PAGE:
Employees don’t go from good to terrible instantly. There is usually a slow and steady decline. Be sure that the process is carefully documented, right from the very first verbal warning.
Recent case: Mindy Slater was fired from her job performing eye examinations. She believed the reason was that she had become pregnant and had complained shortly before her discharge about.
But her employer showed the court that it had been unsatisfied with her performance before she became pregnant. Her supervisor noted that he had first given her a verbal warning and then followed up with an email outlining her—all before anyone knew she was pregnant.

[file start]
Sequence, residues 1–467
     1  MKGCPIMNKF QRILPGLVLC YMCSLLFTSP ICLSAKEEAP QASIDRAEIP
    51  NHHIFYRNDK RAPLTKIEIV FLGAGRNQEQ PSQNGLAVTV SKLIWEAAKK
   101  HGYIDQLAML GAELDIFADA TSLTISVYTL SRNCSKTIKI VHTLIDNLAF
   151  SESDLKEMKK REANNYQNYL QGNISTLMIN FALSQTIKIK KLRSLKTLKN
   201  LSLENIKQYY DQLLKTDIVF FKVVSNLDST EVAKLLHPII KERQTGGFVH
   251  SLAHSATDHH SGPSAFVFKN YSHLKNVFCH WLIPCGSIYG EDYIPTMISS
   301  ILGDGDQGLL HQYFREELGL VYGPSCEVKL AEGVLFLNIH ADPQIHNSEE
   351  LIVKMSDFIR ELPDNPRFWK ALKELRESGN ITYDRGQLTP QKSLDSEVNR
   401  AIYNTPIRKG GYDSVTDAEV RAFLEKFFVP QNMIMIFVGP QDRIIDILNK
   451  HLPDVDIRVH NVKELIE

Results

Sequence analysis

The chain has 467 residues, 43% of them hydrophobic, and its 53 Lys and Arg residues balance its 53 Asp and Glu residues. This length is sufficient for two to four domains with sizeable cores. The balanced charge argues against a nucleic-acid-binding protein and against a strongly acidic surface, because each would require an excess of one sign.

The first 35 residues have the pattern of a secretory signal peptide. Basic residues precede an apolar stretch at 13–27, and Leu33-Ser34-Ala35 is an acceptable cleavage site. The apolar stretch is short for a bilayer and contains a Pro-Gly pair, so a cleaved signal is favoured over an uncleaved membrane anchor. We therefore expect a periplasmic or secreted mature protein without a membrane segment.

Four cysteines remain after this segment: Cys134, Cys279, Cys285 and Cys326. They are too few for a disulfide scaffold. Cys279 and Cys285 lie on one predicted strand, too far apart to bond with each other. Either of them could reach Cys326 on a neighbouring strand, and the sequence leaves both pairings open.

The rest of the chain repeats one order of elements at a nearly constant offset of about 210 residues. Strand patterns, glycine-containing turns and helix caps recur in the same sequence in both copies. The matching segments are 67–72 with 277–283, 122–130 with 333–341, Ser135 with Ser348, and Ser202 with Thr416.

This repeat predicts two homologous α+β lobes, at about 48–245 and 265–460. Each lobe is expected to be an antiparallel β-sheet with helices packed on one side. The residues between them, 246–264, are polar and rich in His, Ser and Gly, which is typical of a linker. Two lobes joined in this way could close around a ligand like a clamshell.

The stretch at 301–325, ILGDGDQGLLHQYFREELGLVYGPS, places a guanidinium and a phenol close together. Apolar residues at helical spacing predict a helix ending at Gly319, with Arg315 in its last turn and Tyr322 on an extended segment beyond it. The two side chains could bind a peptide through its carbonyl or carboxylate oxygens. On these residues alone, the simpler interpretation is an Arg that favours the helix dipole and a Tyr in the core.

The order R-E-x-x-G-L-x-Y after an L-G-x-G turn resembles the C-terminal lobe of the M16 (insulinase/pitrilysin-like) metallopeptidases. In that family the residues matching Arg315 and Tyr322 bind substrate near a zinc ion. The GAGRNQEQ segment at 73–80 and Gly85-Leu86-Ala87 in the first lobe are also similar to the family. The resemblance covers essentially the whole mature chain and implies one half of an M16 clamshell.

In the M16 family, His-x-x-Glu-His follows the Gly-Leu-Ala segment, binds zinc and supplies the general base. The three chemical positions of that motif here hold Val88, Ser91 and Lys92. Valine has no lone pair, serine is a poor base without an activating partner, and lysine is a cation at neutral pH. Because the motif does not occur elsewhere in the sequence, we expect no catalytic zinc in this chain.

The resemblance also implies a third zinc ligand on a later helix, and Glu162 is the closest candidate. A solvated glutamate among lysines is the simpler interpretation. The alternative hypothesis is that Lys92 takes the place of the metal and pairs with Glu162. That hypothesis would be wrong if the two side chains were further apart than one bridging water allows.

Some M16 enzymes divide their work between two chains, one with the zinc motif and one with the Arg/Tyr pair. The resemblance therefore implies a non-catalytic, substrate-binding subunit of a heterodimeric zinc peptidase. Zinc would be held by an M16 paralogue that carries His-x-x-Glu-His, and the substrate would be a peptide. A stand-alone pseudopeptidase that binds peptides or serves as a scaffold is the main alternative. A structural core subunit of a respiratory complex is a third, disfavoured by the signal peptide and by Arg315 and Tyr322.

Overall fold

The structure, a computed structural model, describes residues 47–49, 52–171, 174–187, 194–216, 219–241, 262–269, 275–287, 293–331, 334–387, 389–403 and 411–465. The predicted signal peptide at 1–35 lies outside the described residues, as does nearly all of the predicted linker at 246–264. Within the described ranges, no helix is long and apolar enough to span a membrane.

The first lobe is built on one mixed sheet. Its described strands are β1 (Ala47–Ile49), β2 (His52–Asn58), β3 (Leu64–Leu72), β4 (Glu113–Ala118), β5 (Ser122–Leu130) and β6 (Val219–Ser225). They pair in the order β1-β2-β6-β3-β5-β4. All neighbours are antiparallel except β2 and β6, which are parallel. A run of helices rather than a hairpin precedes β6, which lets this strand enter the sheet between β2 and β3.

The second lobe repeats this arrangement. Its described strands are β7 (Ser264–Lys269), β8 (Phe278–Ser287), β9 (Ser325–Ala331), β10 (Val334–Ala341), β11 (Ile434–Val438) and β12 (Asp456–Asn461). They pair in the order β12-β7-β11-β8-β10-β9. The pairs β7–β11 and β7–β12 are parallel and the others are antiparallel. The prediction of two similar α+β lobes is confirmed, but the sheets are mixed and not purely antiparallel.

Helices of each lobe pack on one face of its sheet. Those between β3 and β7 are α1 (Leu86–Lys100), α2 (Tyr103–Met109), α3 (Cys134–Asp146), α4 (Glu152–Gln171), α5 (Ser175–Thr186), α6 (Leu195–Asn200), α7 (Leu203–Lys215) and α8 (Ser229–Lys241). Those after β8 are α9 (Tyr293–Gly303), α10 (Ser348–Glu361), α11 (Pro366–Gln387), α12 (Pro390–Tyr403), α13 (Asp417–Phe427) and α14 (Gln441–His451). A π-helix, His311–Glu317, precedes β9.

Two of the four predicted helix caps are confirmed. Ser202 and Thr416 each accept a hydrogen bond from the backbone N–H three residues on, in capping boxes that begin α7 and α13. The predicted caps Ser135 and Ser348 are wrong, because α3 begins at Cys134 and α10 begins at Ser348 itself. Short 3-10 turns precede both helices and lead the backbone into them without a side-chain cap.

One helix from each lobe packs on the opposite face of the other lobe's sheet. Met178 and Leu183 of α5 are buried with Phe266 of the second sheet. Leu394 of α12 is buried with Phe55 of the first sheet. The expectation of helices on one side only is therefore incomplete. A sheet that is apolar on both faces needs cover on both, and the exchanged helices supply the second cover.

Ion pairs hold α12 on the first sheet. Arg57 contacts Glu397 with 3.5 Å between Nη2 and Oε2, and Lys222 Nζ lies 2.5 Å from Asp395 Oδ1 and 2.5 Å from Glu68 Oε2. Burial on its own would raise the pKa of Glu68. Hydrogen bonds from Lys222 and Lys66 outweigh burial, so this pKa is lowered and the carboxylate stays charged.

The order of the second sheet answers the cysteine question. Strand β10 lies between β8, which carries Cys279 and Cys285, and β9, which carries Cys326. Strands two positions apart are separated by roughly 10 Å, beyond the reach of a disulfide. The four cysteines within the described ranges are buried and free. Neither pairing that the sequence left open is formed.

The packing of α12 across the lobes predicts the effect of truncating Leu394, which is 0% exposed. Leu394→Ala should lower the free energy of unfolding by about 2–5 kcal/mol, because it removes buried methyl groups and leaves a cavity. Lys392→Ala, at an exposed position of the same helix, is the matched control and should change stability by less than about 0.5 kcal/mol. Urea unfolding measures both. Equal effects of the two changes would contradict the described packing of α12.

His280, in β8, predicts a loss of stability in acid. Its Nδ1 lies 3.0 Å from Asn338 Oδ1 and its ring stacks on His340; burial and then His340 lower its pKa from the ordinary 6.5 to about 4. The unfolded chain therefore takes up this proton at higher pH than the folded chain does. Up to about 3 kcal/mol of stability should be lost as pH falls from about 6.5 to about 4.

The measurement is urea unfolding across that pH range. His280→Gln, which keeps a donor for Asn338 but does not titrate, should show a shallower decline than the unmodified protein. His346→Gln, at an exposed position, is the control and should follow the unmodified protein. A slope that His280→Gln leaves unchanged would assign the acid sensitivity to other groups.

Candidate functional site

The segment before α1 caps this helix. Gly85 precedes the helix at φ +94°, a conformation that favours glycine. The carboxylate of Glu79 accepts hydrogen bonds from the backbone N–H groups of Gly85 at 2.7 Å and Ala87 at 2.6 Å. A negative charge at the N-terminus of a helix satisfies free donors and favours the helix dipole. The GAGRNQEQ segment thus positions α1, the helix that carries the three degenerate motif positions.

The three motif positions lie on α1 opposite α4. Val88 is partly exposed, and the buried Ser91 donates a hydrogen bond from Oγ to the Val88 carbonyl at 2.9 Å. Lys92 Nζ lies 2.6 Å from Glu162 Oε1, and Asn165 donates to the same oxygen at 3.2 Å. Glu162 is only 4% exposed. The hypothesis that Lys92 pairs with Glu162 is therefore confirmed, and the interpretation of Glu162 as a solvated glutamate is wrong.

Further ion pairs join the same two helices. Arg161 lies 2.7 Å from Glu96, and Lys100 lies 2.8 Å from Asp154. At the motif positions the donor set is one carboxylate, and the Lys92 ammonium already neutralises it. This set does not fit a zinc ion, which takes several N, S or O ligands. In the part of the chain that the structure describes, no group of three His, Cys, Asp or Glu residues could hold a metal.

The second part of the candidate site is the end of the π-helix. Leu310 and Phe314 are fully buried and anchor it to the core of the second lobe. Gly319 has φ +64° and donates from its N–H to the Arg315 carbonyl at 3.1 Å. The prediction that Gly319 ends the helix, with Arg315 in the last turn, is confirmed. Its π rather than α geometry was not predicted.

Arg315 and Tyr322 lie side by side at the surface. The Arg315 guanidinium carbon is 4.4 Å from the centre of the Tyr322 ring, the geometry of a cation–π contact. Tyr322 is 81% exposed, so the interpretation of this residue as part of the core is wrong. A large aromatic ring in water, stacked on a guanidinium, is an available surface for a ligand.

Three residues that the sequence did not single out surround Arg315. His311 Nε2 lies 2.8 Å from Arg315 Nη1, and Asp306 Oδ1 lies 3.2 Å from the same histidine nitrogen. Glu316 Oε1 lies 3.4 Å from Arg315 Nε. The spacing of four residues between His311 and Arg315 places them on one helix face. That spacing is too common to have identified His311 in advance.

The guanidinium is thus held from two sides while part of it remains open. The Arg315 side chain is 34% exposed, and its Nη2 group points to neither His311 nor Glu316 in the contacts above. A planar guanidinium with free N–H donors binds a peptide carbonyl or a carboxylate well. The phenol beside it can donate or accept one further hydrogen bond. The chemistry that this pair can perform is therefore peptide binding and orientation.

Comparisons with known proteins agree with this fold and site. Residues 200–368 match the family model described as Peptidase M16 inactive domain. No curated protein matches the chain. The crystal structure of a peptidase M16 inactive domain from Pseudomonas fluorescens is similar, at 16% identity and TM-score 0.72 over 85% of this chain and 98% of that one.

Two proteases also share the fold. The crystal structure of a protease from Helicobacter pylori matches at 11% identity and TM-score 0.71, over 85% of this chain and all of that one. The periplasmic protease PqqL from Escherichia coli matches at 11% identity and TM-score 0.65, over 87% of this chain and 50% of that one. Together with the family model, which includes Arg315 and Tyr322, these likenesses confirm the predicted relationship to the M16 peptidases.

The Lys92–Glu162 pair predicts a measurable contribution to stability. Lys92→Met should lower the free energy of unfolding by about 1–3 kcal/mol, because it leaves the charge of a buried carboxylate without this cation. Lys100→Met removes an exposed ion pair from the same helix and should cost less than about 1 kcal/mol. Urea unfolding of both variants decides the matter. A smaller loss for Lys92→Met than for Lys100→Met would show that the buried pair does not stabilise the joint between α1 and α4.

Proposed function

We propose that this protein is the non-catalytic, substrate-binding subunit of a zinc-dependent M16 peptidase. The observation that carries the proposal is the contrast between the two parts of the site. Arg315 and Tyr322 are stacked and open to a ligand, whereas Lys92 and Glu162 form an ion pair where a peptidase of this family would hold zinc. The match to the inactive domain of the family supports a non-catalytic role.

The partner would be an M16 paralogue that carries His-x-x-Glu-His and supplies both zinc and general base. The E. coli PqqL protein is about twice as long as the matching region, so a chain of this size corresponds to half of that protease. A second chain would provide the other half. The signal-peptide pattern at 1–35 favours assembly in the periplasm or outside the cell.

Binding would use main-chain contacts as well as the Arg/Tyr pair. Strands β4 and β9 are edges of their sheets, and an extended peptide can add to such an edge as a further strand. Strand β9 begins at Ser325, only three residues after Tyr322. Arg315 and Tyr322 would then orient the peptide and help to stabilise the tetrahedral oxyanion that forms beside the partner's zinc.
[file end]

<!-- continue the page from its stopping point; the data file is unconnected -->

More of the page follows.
That was enough to get the case dismissed. (Slater v. Energy Services Group International, No. 10-14939, 11th Cir., 2011)
Final note: Wonder how to greet news an employee is pregnant? “Congratulations!” will suffice.
- When employee has pregnancy complications, be prepared to consider ADA accommodations
- Granting reasonable accommodation isn't enough--you must make sure it actually happens
- When pregnant worker's doctor's note collides with company policy
- 'Reasonable' Maternity Leave Doesn't Matter Under FMLA
- Premarital sex or pregnancy discrimination? One's protected while the other is not